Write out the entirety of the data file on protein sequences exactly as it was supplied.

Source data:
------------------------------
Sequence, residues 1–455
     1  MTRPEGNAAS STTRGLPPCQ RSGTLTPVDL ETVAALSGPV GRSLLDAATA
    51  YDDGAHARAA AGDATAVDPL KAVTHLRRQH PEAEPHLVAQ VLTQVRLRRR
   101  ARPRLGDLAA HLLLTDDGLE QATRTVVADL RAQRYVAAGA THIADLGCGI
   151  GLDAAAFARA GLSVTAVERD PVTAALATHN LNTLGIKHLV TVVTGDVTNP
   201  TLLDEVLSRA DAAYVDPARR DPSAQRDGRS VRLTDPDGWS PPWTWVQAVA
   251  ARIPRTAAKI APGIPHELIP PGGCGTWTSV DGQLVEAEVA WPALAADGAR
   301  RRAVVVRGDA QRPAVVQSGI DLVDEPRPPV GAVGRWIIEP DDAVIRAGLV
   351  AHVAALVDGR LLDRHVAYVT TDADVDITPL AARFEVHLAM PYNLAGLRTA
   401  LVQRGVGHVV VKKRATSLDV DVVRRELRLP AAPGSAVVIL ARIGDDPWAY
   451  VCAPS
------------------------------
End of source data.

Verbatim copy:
Sequence, residues 1–455
     1  MTRPEGNAAS STTRGLPPCQ RSGTLTPVDL ETVAALSGPV GRSLLDAATA
    51  YDDGAHARAA AGDATAVDPL KAVTHLRRQH PEAEPHLVAQ VLTQVRLRRR
   101  ARPRLGDLAA HLLLTDDGLE QATRTVVADL RAQRYVAAGA THIADLGCGI
   151  GLDAAAFARA GLSVTAVERD PVTAALATHN LNTLGIKHLV TVVTGDVTNP
   201  TLLDEVLSRA DAAYVDPARR DPSAQRDGRS VRLTDPDGWS PPWTWVQAVA
   251  ARIPRTAAKI APGIPHELIP PGGCGTWTSV DGQLVEAEVA WPALAADGAR
   301  RRAVVVRGDA QRPAVVQSGI DLVDEPRPPV GAVGRWIIEP DDAVIRAGLV
   351  AHVAALVDGR LLDRHVAYVT TDADVDITPL AARFEVHLAM PYNLAGLRTA
   401  LVQRGVGHVV VKKRATSLDV DVVRRELRLP AAPGSAVVIL ARIGDDPWAY
   451  VCAPS